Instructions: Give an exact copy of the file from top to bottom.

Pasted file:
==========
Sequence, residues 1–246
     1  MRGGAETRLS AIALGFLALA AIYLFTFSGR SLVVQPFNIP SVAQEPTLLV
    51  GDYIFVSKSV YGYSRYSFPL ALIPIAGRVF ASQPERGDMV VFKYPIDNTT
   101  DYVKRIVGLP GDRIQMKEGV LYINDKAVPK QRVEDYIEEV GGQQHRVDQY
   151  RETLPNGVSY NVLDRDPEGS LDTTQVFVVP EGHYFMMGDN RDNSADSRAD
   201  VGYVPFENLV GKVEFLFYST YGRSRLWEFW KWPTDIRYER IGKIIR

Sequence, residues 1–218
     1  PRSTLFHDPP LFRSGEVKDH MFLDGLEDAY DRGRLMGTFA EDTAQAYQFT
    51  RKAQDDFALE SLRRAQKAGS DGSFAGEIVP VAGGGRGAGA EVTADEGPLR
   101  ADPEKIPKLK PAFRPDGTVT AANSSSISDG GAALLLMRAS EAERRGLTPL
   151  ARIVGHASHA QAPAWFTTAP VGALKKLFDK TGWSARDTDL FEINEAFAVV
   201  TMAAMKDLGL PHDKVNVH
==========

Sequence, residues 1–246
     1  MRGGAETRLS AIALGFLALA AIYLFTFSGR SLVVQPFNIP SVAQEPTLLV
    51  GDYIFVSKSV YGYSRYSFPL ALIPIAGRVF ASQPERGDMV VFKYPIDNTT
   101  DYVKRIVGLP GDRIQMKEGV LYINDKAVPK QRVEDYIEEV GGQQHRVDQY
   151  RETLPNGVSY NVLDRDPEGS LDTTQVFVVP EGHYFMMGDN RDNSADSRAD
   201  VGYVPFENLV GKVEFLFYST YGRSRLWEFW KWPTDIRYER IGKIIR

Sequence, residues 1–218
     1  PRSTLFHDPP LFRSGEVKDH MFLDGLEDAY DRGRLMGTFA EDTAQAYQFT
    51  RKAQDDFALE SLRRAQKAGS DGSFAGEIVP VAGGGRGAGA EVTADEGPLR
   101  ADPEKIPKLK PAFRPDGTVT AANSSSISDG GAALLLMRAS EAERRGLTPL
   151  ARIVGHASHA QAPAWFTTAP VGALKKLFDK TGWSARDTDL FEINEAFAVV
   201  TMAAMKDLGL PHDKVNVH